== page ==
27 February 2019

Index of Women Players

In last month's post, Small Projects for 2019, I wrote,
As part of preparing the first post of this current month, 2018 Women's World Championship PGN, I routinely 'added the names of all 64 players to the Index of Women Players'. While doing that I noticed several inconsistencies across the index and will address those as soon as I can.

The action resulted in around a dozen changes to the referenced page, most of which aren't worth mentioning. I did, however, correct two misspellings.

On the page for the 1961 Candidates Tournament (Vrnjacka Banja, X-XI, 1961), I had the name 'Hundsuren' instead of the correct Sandagdorj Handsuren (wikipedia.org). On the page for the 1967 Candidates Tournament (Subotica, IX-X, 1967), I had 'MacGrath' instead of Marion Mott-McGrath (ditto).

The page Index of Women Players now has 463 names for a total of 1338 cross-references to other pages on the site. I had a relatively easy time finding the info I needed to make the corrections. Twenty years ago, when I first started creating the main page, World Chess Championship for Women, there was almost nothing about the subject on the web and I relied on offline resources to construct the framework.

20 February 2019

FIDE Maps the New Cycle

After four consecutive posts on the World Championship in the 19th century, let's return to the 21st century, last seen in 2018 FIDE Congress : Whither the World Championship? (January 2019). After the 89th Congress, FIDE went quiet for a few months as the new management deliberated on the future of the organization. Since the beginning of 2019, they have issued a flurry of announcements about upcoming events. Let's start with the master plan for the current cycle, which is just starting.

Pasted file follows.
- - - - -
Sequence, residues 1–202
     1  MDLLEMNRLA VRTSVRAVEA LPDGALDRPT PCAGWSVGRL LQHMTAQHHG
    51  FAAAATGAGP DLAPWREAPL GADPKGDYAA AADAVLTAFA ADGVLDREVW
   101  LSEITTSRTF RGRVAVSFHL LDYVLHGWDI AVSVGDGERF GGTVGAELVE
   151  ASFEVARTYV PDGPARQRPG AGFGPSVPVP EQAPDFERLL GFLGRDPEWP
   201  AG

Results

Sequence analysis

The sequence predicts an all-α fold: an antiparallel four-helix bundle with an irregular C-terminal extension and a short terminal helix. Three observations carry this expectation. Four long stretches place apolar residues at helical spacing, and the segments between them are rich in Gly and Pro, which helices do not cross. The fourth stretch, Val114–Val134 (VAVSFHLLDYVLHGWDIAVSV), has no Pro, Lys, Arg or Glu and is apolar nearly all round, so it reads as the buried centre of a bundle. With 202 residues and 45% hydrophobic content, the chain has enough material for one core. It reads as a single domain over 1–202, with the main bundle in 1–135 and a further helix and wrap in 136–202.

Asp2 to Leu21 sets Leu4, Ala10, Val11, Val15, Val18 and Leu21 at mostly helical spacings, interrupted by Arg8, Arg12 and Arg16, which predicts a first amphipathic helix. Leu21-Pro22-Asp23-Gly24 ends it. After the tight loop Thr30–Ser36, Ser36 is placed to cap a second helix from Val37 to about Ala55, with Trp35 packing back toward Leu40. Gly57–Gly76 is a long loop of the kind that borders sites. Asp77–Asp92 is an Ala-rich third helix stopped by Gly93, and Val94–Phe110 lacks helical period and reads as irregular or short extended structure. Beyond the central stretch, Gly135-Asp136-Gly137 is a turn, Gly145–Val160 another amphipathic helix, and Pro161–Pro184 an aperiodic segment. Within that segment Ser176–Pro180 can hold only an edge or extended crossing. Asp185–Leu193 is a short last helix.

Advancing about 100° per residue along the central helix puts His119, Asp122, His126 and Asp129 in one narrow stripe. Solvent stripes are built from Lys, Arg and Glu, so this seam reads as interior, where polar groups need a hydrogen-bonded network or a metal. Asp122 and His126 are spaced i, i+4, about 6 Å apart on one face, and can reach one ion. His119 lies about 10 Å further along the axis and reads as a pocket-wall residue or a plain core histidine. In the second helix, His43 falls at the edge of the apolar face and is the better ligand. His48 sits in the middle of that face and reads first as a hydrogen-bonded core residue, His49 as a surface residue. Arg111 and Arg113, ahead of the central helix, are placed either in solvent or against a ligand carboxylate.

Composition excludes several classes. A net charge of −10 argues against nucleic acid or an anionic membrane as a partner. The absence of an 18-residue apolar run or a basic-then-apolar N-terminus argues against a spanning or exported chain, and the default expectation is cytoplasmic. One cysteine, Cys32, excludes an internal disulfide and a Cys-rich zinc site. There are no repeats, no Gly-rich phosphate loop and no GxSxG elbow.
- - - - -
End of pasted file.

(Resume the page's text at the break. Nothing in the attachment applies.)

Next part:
• 2019-02-18: Road to Candidates • 'Qualification system for the 2020 FIDE Candidates Tournament'

    A. 1 place – 2018 FIDE World Championship Match, Runner up
    B. 2 places – 2019 FIDE World Cup
    C. 1 place – 2019 FIDE Grand Swiss Tournament
    D. 2 places – 2019 FIDE Grand Prix Series
    E. 1 place – Highest Average FIDE Rating (Feb. 2019—Jan. 2020)
    F. 1 place – Player nominated by the Organizer

That makes eight places in the Candidates tournament and three qualifying events, one of which is brand new:-

The Grand Prix received a complete makeover:-

For the corresponding World Chess announcement, see Guide to the 2019 Grand Prix Series (worldchess.com). The World Cup continues in the same format that we've seen since 2005:-

The FIDE Calendar (fide.com), currently shows the following World Championship events. I include the 2020 Olympiad as a reminder that most other 2020 events are not yet listed.

I also set up place holders for the current cycle on my The World Chess Championship index page. When was the last time we had three qualifying events for the Candidates tournament?

13 February 2019

1851 London (the Tournament Books)

In my previous post, 1851 London (on Google Books), I referenced a digital copy of Staunton's book 'The Chess Tournament', his account of 1851 London, the first international tournament. Page 174 of the book gives a summary of the matches.

I compared this against my own page on the matches, 1851 London Tournament; London, V-VII, 1851, and except for a slight problem with one name ('Lowe' vs. 'Loewe E') the basic info was the same. The same page in the book includes a note:-